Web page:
My 2013-2017 Podcasts Episodes

A curated episode list by oruk
Creation Date July 10th, 2018
Updated Date Updated July 3rd, 2019
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iOS 333: Be More Productive
Leo Laporte and Megan Morrone discuss iOS apps for your iPad, iPhone, Apple Watch, and Apple TV to make you more productive. Morning Reader lets you read the tech news in an uncluttered app on your iPad or iPhone. Stringify is like IFTTT, but lets you add more modifiers. Habitify helps you create better habits. The June Oven and app helps you make home-cooked meals while still being productive doing other things. Space lets you take a break from your apps and get more done. Hosts: Leo Laporte and Megan Morrone Download or subscribe to this show at can contribute to iOS Today by leaving us a voicemail at 757-504-iPad (757-504-4723) or sending an email to to CacheFly for the bandwidth for this show.
Episode 101: I’m Not a Monster
Listen as Jeff talks about snow, feeling fulfilled, and, of course, video games.


Down the Rabbit Hole
A journalist discovers a scarf with her byline imprinted in its design and embarks on an investigative journey to track down its makers; a former futures trader stumbles into her calling as an internet hoax buster with a specialty for empathizing with the perpetrators. Following your curiosity can lead you to some pretty interesting work, or at least a very good story. Follow along at and @slackstories. Let us know what you think of the show by leaving us ⭐️⭐️⭐️⭐️⭐️ rating or review in iTunes.
Tough Love
An outspoken corporate downsizer learns a harsh lesson after being surprised with her own exit package, and a loyal cop that has to choose between fighting the war on drugs and his criminal brother. Sometimes practicing tough love at work and at home isn’t always the best policy. Follow along at and @slackstories. Let us know what you think of the show by leaving us ⭐️⭐️⭐️⭐️⭐️ rating or review in iTunes. This episode also features Slack customer Sketchbook Skool - an online educator for illustrators and designers.
Grey Matter
We meet a woman teaching doctors good bedside manners by acting sick when she’s feeling perfectly fine; and a neuroscientist at odds with her own brain after she's diagnosed with schizophrenia. Follow along at and @slackstories. Let us know what you think of the show by leaving us ⭐️⭐️⭐️⭐️⭐️ rating or review in iTunes. This episode also features The Ecole Project —a live-in, student-run sustainable research institute affiliated with McGill University.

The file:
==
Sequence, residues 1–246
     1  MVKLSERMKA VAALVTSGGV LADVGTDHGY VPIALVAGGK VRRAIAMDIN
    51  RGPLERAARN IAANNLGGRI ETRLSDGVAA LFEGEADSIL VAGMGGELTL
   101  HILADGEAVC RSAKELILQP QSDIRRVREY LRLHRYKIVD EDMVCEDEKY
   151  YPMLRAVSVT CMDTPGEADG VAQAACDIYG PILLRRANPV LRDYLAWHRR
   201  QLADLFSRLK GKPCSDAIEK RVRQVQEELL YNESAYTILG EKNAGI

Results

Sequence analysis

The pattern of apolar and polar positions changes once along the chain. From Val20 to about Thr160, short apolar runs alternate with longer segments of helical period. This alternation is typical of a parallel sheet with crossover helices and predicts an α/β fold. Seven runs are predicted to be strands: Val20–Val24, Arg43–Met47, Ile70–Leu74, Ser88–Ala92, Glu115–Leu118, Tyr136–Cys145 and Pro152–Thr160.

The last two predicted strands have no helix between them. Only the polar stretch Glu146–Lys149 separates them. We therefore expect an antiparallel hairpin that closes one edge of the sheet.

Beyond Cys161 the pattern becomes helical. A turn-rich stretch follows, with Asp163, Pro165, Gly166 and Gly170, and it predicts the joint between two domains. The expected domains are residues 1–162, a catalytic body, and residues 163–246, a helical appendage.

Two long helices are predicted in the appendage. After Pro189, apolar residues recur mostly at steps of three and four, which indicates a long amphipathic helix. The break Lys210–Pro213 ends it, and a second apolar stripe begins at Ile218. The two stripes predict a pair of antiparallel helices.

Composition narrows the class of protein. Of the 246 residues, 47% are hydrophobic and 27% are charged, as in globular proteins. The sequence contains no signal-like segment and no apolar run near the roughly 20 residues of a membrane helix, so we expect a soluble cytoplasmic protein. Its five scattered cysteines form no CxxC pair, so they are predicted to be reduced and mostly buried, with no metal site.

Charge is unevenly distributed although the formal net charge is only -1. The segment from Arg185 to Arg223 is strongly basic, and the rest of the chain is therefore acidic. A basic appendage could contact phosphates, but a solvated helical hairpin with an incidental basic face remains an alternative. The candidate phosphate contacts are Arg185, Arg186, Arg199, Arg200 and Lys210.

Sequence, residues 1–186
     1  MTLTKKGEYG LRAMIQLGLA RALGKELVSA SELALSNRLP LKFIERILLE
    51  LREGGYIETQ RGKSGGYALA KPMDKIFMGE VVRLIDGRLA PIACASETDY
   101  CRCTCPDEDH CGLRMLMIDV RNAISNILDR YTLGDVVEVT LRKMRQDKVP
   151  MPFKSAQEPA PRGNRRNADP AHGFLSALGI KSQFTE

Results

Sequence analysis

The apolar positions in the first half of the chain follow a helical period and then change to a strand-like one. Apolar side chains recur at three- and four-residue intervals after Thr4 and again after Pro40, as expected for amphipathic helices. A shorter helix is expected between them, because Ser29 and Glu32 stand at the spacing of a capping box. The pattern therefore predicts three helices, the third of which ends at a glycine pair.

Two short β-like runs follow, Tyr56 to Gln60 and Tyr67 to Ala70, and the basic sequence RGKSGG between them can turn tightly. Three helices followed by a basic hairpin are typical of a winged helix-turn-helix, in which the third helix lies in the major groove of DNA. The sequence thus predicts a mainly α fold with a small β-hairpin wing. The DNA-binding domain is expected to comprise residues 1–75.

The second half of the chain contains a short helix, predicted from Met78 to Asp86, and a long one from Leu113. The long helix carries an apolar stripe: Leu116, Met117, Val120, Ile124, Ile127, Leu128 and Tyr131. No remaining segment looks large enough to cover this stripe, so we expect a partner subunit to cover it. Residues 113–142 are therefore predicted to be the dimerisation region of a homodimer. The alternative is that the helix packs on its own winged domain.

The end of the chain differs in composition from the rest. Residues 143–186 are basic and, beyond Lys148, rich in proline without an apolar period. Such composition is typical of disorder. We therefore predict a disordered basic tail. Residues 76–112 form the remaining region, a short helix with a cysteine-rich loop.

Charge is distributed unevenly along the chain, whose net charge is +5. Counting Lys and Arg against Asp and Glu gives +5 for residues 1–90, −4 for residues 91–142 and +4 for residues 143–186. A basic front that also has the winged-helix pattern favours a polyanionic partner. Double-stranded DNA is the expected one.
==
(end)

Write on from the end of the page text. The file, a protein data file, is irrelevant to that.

Finger Lickin'
We meet a chef who can't wait to walk away from her prestigious Michelin star rating and a web developer who singlehandedly orchestrated one of the biggest fast food comebacks his hometown has ever seen. Follow along at and @slackstories. Let us know what you think of the show by leaving us ⭐️⭐️⭐️⭐️⭐️ rating or review in iTunes. This episode also features Mathara Holdings, a family business operating out of Kiambu, Kenya.
1: Where's Richard? | Missing Richard Simmons
On February 15, 2014 Richard Simmons didn’t show up to teach the exercise class he had led for 40 years. He hasn't been seen in public since. Filmmaker Dan Taberski starts investigating the disappearance of his friend.
2: Stakeout | Missing Richard Simmons
Dan begins to explore the main theories about Richard’s disappearance. A lot of his friends think Richard may just be sitting in his house. So that's where we go.
3: The Maid and the Masseuse | Missing Richard Simmons
The two people closest to Richard at the time of his disappearance hate each other. This episode is about them. Plus, Dan investigates possible claims of a hostage situation and explains what’s up with Richard’s (still very active) social media presence.
4: "Till the Day I Die" | Missing Richard Simmons
We head to New Orleans, Richard’s hometown. From the food to the burlesque to the Southern religiosity, this city shaped young Dickie Simmons into the Richard we all know. It’s also where his brother lives. Dan tries to make contact.
5: O Brother, Where Art Thou? | Missing Richard Simmons
Dan talks to Lenny Simmons, Richard’s brother. Then he looks into some of the stranger, more personal aspects of being a Richard Simmons fan.
01. Slow Down
Warning – Do not operate heavy machinery while listening to this Pondercast. Because it’s meant to help you slow down.  And slow down you will - I ended up flat out on the living room carpet by about Track #6.   You are going to hear a compilation album put together by Joshua Van Tassel and James Bunton called Slow Volumes One (01).  I’ll be there for you between tracks, taking your pulse and slowing down with you.  I hope if it works for you, you’ll pass this link along to someone you think could use a little slowing down too. You can buy the album here for any price – proceeds go to The Daily Bread Food Bank  which is lovely.